Sony launches the first depth sensor for automotive apps
Sony Semiconductor Solutions Corporation announced the launch of IMX459, a SPAD stacked depth sensor intended for automotive LiDAR applications using the direct time-of-flight method (or dToF, direct Time of Flight): an absolute novelty in the sector.
The microscopic “avalanche” pixels of the 10 μm square single photon photodetector diode (SPAD) and the distance measurement processing circuitry are encased in a single compact chip (only 1 / 2.9 “), designed to ensure maximum precision and speed.
IMX459, SPAD stacked depth sensor: what is it for?
The new sensor will help in future to improve the safety of mobility by optimizing the detection and recognition performance of automotive LiDARsan indispensable element in the increasingly popular Advanced Driver Assistance (ADAS) and Autonomous Driving (AD) systems.
As well as on-board video cameras and millimeter wave radars, LiDARs are becoming increasingly important to detect and recognize road conditions or the position and shape of objects such as vehicles and pedestrians with extreme precision. The development and diffusion of this technology on the market, however, are slowed down by some technical obstacles, such as the need to further improve distance measurement, offer a greater level of safety and reliability, regardless of the environment and conditions of use. use, and switch to a solid-state design to reduce both the footprint and the cost. To meet these challenges, numerous solutions are already being studied.
Among the various methods used for measuring distances, that of dToF sensors uses SPAD pixels as detectors, calculating the distance to objects based on the flight time, i.e. the time it takes for the light emitted to reach the target and return to the source. . P.moving from the technologies developed for CMOS image sensors (in particular the backlit pixel structure, the stacked configurations and the Cu-Cu connections), Sony has succeeded in devising a device with a unique anatomy, which combines the pixels SPAD is the electronic circuit for distance measurement in a single chip. Thanks to this design, the pixel size does not exceed 10 square μm, resulting in a compact 1 / 2.9 ″ device capable of achieving a resolution of approximately 100,000 effective pixels. Not only that: both photon detection and reactivity have been enhanced to ensure high-speed distance measurement and other accuracy at resolutions with a range of 15 centimeters, from long to short distances. The product is fully compliant with the functional safety standards of automotive applications, all to the advantage of the reliability of LiDAR, while the mono-chip structure helps to reduce the size and costs of the system.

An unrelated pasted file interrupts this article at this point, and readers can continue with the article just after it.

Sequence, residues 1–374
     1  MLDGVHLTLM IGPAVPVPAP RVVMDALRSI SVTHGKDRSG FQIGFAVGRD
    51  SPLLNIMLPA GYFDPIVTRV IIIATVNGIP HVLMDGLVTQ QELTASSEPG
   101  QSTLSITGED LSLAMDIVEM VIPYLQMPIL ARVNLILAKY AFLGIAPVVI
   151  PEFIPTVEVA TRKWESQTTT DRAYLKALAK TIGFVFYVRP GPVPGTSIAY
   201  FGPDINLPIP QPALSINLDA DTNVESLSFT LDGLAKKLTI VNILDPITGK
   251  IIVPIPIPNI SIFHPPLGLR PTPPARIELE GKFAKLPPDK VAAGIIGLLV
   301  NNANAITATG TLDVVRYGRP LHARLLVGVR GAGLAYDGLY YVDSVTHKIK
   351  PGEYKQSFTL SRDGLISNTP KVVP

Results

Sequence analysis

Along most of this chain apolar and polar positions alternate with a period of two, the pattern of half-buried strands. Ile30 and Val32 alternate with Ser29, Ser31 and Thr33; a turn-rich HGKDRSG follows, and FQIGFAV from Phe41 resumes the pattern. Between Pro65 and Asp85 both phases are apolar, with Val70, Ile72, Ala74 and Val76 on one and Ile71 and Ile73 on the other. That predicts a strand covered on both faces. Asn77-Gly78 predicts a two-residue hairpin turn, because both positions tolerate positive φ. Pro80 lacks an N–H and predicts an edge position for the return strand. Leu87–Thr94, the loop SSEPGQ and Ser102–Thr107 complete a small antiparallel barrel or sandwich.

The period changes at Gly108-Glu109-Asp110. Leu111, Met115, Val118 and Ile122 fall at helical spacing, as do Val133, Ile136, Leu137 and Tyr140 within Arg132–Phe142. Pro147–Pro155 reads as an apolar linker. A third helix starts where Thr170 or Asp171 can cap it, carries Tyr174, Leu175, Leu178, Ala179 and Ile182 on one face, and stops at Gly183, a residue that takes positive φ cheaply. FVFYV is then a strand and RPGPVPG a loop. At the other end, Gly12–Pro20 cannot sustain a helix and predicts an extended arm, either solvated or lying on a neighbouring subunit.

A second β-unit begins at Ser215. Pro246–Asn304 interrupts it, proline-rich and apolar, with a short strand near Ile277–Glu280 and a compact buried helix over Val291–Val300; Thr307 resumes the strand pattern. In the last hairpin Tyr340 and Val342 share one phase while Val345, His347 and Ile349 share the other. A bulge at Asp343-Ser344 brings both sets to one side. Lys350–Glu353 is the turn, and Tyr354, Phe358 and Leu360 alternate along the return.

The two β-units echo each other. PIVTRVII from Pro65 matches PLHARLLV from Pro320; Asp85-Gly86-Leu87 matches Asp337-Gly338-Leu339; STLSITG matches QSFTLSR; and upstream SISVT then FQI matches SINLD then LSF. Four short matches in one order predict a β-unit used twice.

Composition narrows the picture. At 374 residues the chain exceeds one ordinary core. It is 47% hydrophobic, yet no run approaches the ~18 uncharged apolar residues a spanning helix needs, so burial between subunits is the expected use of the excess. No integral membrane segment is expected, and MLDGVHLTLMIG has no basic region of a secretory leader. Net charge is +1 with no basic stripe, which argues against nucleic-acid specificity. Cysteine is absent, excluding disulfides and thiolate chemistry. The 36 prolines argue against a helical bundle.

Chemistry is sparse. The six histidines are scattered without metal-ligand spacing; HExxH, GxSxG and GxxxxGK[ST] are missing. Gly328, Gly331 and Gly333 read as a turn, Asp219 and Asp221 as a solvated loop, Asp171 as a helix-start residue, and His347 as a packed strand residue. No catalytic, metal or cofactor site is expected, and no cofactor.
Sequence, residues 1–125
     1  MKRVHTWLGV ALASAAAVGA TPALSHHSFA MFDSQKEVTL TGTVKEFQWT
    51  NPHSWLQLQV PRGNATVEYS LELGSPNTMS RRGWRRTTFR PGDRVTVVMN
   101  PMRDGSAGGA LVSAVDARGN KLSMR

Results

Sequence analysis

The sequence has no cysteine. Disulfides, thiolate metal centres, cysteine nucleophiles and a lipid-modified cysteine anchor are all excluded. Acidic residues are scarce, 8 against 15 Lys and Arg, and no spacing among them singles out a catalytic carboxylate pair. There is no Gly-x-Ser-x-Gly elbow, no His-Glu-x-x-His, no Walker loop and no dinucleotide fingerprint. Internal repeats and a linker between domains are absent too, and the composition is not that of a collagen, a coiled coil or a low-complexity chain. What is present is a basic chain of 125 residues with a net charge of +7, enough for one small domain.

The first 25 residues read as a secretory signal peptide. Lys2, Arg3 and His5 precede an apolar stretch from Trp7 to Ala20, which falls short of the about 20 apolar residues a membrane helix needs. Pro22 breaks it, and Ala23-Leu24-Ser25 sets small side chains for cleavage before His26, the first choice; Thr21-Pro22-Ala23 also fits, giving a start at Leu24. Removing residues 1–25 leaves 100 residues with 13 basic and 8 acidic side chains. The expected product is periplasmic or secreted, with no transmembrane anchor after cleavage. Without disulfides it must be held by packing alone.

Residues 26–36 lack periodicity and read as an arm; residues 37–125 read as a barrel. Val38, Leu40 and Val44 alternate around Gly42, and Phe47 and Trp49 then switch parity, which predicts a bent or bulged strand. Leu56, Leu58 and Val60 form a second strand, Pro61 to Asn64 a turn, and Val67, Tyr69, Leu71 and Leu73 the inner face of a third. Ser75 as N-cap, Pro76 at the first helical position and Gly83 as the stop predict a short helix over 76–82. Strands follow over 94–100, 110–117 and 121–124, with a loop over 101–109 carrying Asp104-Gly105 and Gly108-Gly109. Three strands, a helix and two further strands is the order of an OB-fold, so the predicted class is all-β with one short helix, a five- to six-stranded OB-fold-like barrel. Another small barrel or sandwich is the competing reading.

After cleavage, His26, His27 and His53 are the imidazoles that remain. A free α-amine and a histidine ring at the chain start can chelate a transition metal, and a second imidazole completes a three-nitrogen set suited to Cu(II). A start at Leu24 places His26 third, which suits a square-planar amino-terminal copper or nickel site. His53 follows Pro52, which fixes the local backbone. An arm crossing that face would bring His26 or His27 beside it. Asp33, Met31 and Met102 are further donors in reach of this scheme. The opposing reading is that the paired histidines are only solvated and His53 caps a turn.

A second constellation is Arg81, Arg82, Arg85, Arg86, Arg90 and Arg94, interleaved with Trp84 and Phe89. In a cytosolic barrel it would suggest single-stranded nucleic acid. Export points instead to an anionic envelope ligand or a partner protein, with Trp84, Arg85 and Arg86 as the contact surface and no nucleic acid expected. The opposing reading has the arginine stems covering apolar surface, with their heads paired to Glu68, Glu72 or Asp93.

The Main features
High-speed, high-precision distance calculation thanks to the stacked configuration that brings together the 10 μm square SPAD pixels and the measurement processing circuit.
The stacked configuration of the new sensor relies on Cu-Cu connections to conduct charging from each single backlit SPAD pixel (above) to the logic chip equipped with distance measurement processing circuit (below). This overlap allows for a high aperture ratio to be maintained while keeping the pixel size to just 10 μm square. Furthermore, the product uses an irregular surface to refract the incident light, improving the absorption index.
All these features bring the photon detection efficiency rate to 24% at 905 nm, which is the wavelength normally used by automotive LiDAR laser sources. In this way it is possible, for example, to detect very distant objects with a low reflection coefficient and maintaining high resolution and distance resolution. The circuit section also includes a active charging circuit equipped with a Cu-Cu connection for each pixel, which limits the response speed to about 6 nanoseconds per photon under standard operating conditions.
This unique stacked structure allows measurements to be performed extremely quickly and accurately at a resolution of 15 cm, from long to short distances, helping to significantly optimize the detection and recognition performance of in-vehicle LiDARs.
LiDAR: Compliance of safety standards for automotive apps
The new sensor will be subjected to the tests required by the AEC-Q100 Grade 2 standard for automotive electronic components, which will certify its absolute reliability. Sony has also introduced a development process that, in addition to complying with the requirements of ISO 26262 for functional safety in the automotive industry, achieves a functional safety level ASIL-B (D) for functions such as fault detection, signaling and control. . A guarantee of reliability for future LiDARs.
Sony drew a blueprint for a Reference mechanical scanning LiDAR which integrates the new sensor and which will be made available to customers and partnersr. This offers the dual benefit of saving labor hours in the system development process and reducing costs by optimizing device selection.